To suggest, as some have done, that the four-day ceasefire between Israel and Hamas in Gaza originally expected to begin at 7pm on Thursday AEDT, could morph into a lasting truce is, unfortunately, fallacious.
Cracks are already appearing in the deal, even before it is signed. It is now clear none of the hostages, or any of the Palestinians detained by Israel, will be released before Friday.
That is because neither Hamas or the Qatari negotiators had signed the agreement before the news broke. Israeli Prime Minister Benjamin Netanyahu, who clearly agreed to the deal reluctantly, is now saying the media got the timing wrong.
It is now almost certain the beginning of the ceasefire will be delayed as a result.
Mr Netanyahu, who many Israelis blame for the intelligence and security failures ahead of the October 7 slaughter by Hamas, has a serious credibility issue.
A recent opinion poll found only 4 per cent of Israelis consider him to be a trustworthy source of information about the war.
He has finally given in to intense public pressure and agreed to prioritise the recovery of at least some of the 240 hostages held by the terrorists even if it means striking a deal with Hamas.
Mr Netanyahu, whose only hope of political survival is the recovery of the hostages and the total elimination of Hamas, previously opposed any ceasefire or humanitarian pause because it would give the terrorists time to regroup and to smuggle in fresh supplies.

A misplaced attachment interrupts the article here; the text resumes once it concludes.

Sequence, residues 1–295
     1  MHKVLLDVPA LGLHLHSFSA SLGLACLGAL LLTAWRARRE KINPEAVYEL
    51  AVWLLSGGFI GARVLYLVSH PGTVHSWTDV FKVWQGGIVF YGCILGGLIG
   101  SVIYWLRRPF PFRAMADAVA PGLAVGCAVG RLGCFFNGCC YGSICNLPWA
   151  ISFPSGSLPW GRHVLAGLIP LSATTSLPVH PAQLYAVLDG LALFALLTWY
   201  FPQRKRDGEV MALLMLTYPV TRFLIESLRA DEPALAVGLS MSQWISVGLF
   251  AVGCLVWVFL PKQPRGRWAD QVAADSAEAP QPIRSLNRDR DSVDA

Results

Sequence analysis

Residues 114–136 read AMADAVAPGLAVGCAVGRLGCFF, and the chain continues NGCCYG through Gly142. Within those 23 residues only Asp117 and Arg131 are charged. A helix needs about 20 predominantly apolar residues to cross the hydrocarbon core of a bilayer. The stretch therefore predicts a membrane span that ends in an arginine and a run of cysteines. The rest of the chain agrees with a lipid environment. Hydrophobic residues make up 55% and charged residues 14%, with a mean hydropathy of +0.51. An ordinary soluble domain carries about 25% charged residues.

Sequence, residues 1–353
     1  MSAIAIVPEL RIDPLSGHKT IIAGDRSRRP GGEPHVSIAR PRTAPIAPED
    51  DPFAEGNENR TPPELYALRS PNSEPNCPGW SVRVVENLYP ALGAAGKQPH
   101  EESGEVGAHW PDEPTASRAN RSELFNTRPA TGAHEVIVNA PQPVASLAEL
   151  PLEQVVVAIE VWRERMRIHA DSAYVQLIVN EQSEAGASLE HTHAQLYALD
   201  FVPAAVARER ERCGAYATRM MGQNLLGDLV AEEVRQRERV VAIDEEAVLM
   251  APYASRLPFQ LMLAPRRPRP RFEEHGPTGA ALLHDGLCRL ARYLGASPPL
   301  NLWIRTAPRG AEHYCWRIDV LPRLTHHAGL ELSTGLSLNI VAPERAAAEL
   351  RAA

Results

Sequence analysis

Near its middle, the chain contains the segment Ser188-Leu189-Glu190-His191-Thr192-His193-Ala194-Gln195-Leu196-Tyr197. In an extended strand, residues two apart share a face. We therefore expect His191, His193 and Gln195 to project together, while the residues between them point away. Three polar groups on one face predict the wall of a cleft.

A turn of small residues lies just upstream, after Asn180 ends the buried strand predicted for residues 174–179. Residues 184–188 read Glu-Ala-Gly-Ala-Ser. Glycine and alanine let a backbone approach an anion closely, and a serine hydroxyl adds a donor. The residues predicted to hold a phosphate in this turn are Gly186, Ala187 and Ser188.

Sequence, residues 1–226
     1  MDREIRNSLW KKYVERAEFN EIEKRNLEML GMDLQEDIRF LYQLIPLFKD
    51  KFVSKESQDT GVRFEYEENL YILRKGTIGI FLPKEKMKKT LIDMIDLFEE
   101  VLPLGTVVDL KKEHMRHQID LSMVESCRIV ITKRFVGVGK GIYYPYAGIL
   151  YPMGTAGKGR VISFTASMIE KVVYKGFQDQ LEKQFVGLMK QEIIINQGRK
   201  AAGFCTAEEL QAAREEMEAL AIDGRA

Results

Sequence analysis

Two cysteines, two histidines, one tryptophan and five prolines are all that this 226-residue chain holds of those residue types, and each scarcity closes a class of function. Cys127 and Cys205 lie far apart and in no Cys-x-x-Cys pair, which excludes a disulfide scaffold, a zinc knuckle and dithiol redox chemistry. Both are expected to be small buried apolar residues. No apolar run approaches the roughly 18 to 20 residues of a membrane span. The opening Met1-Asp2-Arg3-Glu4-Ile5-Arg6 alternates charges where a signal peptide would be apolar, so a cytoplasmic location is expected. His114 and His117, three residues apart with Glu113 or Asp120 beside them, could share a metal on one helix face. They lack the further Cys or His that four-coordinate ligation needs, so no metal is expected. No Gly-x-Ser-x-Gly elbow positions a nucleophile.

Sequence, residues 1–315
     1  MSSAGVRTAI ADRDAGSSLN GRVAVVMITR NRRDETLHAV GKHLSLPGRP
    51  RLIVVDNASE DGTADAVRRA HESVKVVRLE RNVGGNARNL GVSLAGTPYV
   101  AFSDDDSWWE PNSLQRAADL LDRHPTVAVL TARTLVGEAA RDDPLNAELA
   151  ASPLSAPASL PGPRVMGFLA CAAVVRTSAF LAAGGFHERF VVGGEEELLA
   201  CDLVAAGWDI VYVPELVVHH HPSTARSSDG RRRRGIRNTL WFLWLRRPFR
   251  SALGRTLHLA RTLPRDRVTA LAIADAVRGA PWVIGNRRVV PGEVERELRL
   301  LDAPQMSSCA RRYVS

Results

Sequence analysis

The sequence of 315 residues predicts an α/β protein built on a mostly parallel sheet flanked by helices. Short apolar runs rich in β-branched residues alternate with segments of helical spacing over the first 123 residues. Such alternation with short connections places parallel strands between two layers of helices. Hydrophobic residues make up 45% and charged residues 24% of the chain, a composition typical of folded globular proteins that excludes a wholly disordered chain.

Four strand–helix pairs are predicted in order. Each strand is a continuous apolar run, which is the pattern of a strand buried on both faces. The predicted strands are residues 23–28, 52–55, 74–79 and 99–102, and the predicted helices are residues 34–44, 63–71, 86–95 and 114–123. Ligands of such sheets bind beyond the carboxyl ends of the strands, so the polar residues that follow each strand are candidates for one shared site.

He has always said it was possible to destroy Hamas and to liberate the hostages at the same time.
But this has so far not proved to be the case. Only one hostage, a female Israeli soldier, has been rescued and four civilian hostages released.
And given not all of the hostages were abducted by Hamas it does not have custody of all 240. While the terrorists claim they can "assemble all the hostages" that is not necessarily true.
Another tragic possibility is some of the hostages may have died from injuries suffered in the brutal attacks.
There is also no guarantee any ceasefire will last for the four days spelled out in the agreement. Given the innate hostility between Hamas and the IDF, and the terrorist group's previous disregard for ceasefires, the risk of incidents is very high.
If either side believes the other is in breach it will be back to war as usual almost immediately with aid workers and innocent civilians caught in the middle.
The insuperable problem Israel faces is that it is locked into a struggle with an enemy committed to wiping it off the face of the Earth.
Israel sees the only way to end that threat is to eliminate Hamas. Given the shocking events of October 7, many would find it difficult to disagree with that view.
That aim, unfortunately, is coming at the cost of Palestinian lives, given the way Gaza's civilian population has been used as human shields and prevented from evacuating or caught up in the crossfire and bombardments.
This has, for some parts of the community, eclipsed the initial horror caused by its terrorism atrocities of October 7.
This ceasefire is not going to evolve into a truce. Netanyahu will resume hostilities as soon as it is clear the maximum possible number of hostages have been released.
His other dilemma is the endgame. How can Israel ever be sure it has got all the terrorists? And what comes next?
The future is bleak.